ORLANDO, Fla. (AP) — No wonder Tiger Woods jokingly refers to the PNC Championship as the fifth major.
Woods was together with 14-year-old son Charlie on Friday, their swings eerily similar and the encouraging words coming as only Woods can deliver them. They were warming up ahead of the pro-am, hitting flop shots, when Charlie hit one that was … well, let Woods explain.
“We’re ending on that one right there. That was nasty,” Woods said, repeating the second part with an extra word for emphasis.
Woods felt good enough to turn down a golf cart and walk 18 holes in a strong wind during the pro-am, which is not to suggest he is completely on the mend.
“I felt like I was physically fit to do it,” Woods said. “Also, walking is better for my back. I just wanted to keep it loose and keep it going, and we’re having so much it doesn’t really matter.”
Woods chose not to speak to media, wanting to avoid any queries about his place on the PGA Tour board as it negotiates commercial deals with the Saudi backer of LIV Golf — the deadline is about two weeks away — and a private investment group of powerful U.S. sports team owners.
This is the fourth year Woods is playing with Charlie. They were runner-up two years ago and while Woods repeatedly talks about “having a blast,” getting the Willie Park Trophy that goes to the winners would have its own place among some 100 wins worldwide.
“Winning majors is unbelievable and how he’s won his majors,” Justin Thomas said. “But seeing how much he cares about Charlie and having (daughter) Sam out here and him doing that together with Charlie as he’s watching him grow up, it would a very, very different kind of win that doesn’t maybe come with the record books and history.”
The question is how much Charlie, whose high school team won the Class A state championship, carries the load.
He is not the little crumb-snatcher — a term Woods’ father affectionately used for him — that first played in the PNC Championship in 2020 at age 11. He is taller and stronger, with more speed in his swing and plenty of pop.
Charlie has been moved back a set of tees, just one in front of his father. He will be playing The Ritz-Carlton Club at 6,576 yards, the same set of tees used by Steve Stricker and Jim Furyk, and Nelly Korda from the LPGA Tour.
“I can’t quite give him as much brief anymore because he’s close to beating me up,” Thomas said. “It’s impressive from a golfer standpoint because he’s still a 14-year-old but maturing in the sense of his golf game, and he’s more willing to learn and he’s open to it all times.
“I’m just glad he keeps moving back tee markers. He’s leading the tournament in inches grown.”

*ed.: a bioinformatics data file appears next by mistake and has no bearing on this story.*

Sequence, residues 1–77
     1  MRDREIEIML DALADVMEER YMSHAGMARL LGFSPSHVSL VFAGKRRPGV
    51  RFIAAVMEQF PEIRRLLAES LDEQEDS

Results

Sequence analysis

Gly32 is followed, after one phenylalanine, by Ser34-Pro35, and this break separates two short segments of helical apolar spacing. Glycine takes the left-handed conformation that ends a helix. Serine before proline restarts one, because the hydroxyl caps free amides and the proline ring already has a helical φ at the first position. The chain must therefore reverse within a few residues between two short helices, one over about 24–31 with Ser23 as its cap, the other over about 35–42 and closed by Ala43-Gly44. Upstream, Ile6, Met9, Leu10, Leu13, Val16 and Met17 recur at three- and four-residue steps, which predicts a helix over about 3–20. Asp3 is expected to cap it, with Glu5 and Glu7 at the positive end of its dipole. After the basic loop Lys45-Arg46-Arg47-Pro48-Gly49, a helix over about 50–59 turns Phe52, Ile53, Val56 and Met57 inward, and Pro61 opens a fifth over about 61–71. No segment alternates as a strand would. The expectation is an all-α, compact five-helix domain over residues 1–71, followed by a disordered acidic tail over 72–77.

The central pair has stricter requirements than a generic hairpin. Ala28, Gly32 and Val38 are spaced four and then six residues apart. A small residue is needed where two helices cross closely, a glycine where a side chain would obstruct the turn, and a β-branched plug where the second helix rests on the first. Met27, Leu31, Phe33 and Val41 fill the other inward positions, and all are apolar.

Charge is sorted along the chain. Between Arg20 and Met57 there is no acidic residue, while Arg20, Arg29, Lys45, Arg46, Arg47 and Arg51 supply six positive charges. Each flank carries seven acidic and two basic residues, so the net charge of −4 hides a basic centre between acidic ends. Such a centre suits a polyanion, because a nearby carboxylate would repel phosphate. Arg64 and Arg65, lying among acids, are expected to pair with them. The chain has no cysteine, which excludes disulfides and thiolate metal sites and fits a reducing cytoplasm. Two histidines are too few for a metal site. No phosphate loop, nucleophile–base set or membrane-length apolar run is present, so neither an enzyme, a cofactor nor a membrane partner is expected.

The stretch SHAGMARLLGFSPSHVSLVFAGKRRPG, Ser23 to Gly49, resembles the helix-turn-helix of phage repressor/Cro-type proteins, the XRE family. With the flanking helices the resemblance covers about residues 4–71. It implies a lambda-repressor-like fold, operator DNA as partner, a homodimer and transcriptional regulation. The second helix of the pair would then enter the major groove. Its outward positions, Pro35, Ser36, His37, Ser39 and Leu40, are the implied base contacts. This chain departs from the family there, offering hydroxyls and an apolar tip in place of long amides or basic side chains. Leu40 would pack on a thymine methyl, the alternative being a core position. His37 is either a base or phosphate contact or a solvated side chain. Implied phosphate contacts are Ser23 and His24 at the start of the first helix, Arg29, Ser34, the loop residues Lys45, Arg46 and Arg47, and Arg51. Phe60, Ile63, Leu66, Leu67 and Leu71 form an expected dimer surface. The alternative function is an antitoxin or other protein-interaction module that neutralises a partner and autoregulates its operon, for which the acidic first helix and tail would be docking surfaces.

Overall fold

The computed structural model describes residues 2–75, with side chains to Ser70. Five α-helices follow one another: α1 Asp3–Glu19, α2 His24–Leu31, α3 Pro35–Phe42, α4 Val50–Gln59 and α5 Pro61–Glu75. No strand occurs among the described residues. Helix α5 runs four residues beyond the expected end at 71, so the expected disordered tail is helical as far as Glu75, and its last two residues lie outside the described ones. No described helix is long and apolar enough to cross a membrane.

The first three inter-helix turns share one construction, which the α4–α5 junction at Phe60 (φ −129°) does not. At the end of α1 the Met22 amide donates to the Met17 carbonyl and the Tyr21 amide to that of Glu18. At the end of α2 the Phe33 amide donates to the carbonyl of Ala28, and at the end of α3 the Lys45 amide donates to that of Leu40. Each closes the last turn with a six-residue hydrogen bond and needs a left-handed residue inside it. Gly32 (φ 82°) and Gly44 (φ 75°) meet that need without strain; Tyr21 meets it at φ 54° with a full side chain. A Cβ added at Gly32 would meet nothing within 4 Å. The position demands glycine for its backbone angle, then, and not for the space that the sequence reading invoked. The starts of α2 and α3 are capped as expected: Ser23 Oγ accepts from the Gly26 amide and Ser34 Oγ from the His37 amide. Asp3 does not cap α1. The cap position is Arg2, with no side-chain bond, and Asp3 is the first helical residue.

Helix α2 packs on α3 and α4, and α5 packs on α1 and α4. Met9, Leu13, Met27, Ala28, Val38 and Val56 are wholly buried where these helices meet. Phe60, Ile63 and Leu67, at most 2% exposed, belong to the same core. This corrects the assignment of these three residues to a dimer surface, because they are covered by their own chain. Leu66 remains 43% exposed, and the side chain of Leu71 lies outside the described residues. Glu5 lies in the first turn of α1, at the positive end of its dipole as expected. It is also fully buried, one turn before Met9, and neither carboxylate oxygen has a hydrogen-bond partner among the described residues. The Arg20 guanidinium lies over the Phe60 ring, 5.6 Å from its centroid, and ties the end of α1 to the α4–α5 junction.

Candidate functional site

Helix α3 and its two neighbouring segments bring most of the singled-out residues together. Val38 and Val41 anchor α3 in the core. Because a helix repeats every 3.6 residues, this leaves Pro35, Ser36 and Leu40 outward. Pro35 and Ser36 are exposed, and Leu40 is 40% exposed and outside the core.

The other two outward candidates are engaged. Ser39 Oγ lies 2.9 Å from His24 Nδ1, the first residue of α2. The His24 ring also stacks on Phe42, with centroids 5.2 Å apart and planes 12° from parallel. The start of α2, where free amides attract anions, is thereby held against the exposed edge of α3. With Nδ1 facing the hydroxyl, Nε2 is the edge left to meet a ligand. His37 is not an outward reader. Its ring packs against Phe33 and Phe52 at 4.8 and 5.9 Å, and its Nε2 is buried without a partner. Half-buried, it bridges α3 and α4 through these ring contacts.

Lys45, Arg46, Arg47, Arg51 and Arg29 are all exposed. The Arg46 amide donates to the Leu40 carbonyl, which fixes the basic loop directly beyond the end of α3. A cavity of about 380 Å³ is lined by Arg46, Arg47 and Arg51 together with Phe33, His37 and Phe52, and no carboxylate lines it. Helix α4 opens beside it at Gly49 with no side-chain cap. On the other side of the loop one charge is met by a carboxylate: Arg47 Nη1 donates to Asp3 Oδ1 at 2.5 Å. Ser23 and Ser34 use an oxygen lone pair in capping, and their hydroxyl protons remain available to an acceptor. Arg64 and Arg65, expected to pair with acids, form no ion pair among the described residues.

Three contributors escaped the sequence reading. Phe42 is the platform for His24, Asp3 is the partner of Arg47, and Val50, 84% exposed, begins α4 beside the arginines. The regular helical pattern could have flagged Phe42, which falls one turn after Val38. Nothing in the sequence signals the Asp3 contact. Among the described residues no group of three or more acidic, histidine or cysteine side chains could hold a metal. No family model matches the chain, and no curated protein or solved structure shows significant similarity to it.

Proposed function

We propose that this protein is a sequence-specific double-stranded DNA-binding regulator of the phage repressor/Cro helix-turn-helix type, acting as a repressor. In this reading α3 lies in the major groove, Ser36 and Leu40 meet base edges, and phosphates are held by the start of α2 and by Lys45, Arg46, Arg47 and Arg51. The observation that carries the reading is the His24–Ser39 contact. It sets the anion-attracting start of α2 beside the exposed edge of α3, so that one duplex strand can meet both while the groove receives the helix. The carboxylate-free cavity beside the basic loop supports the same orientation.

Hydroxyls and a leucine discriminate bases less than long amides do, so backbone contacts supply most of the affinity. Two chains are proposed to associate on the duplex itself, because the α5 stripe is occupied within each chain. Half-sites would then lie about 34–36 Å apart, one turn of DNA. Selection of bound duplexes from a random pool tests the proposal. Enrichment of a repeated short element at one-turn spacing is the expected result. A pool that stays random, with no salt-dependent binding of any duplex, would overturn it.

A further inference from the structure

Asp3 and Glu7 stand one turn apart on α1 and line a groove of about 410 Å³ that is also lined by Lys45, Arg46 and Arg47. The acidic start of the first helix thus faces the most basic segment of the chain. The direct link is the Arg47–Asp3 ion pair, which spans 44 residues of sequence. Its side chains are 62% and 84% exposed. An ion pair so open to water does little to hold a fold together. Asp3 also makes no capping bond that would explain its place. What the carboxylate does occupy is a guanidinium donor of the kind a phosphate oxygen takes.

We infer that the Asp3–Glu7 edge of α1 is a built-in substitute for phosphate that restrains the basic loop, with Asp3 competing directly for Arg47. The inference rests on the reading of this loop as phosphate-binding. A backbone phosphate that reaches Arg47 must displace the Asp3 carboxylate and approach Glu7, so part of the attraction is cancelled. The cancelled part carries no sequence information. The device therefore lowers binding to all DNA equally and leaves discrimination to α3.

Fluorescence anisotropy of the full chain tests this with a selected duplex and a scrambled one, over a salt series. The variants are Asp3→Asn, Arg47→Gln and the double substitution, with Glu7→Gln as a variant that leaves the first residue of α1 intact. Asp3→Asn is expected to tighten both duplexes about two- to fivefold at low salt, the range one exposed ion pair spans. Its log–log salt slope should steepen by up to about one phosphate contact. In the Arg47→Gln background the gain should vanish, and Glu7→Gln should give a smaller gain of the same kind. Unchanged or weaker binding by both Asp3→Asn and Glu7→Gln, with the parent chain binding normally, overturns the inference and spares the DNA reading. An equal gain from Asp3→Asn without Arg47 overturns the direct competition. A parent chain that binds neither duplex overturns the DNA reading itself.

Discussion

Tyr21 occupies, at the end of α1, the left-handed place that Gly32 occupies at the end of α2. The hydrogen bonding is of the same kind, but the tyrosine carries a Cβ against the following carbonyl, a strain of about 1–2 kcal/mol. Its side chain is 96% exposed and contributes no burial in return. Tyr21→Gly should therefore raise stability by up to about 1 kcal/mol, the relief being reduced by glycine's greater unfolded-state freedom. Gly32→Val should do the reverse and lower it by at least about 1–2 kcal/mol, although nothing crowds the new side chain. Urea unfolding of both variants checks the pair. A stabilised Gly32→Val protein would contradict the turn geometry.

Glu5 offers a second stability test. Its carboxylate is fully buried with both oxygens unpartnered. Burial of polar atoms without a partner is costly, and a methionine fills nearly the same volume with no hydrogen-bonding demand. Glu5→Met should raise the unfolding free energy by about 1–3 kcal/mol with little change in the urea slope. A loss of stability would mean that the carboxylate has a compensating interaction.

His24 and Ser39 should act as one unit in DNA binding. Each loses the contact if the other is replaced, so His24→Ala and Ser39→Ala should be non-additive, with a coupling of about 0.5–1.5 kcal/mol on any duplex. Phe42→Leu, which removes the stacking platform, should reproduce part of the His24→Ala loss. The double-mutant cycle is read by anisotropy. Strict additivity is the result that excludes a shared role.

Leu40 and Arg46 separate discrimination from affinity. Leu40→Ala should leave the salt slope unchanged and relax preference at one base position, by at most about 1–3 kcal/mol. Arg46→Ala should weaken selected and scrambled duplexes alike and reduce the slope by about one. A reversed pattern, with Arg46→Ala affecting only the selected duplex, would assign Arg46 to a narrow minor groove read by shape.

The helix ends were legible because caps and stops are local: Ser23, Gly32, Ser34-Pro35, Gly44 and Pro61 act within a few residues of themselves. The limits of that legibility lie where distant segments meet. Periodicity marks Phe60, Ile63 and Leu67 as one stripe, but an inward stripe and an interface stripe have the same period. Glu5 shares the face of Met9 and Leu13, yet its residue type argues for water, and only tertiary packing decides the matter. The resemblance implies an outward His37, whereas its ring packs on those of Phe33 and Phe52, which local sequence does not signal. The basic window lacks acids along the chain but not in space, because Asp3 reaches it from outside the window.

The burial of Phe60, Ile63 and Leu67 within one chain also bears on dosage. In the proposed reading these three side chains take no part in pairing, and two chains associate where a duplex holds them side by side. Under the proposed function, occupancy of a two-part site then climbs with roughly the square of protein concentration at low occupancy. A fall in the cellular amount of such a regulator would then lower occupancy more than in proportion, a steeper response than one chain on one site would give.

He has a pretty good teacher in his father, even at this stage in his career.
The PNC Championship, which starts Friday, is only the fourth competition this year for Woods. He made the cut but didn’t finish the third round of the Masters, and then had ankle fusion surgery shortly thereafter.
Woods returned sooner than he expected at the Hero World Challenge in the Bahamas two weeks ago. He finished 18th in the 20-man field, and it was fair to speculate that he was using that to warm up for the big one — the PNC Championship.
“I was able to knock a lot of the rust off there at the Hero,” Woods said. “My hands felt better with control hitting shots. And especially today with the wind blowing as hard as it was, I was able to hit flighted shots nicely, which was not quite as sharp as I wanted to be at Hero.”
The big concern is the weather. The wind was enough to shake trees, and rain is in the forecast over the next two days. Starting times have been moved up. Everyone will be in a cart, as this is run by the PGA Tour Champions.
Woods has caddied for his son — one of those events is what gave him the green light to play in the Bahamas — and watched him develop. He has taught him about the process of deciding how to hit shots, and the kid sounds inquisitive.
“And sometimes he doesn’t see it the way I saw, which is fun,” Woods said.
Part of that relationship is giving Charlie space to figure it out on his own, golf and life, though Woods said he also provides what he called “guardrails.”
“There’s so much of the noise in our lives that people are always trying to get stuff out of us, and my job as a parent is to protect him from a lot of that stuff,” Woods said. “Then again, as a teenager, I want him to try and become his own man at the same time. So it’s a challenge as a parent and to provide that atmosphere for him, to learn, to grow, and have that freedom, meanwhile understanding that there’s so much noise looking into our lives.”
Woods said it was different for him at that age, mainly because there were no phones and cameras at every turn, and no social media.
On the topic of phones came one pet peeve.
“I just don’t like the fact that he stares at his phone all the time,” Woods said.
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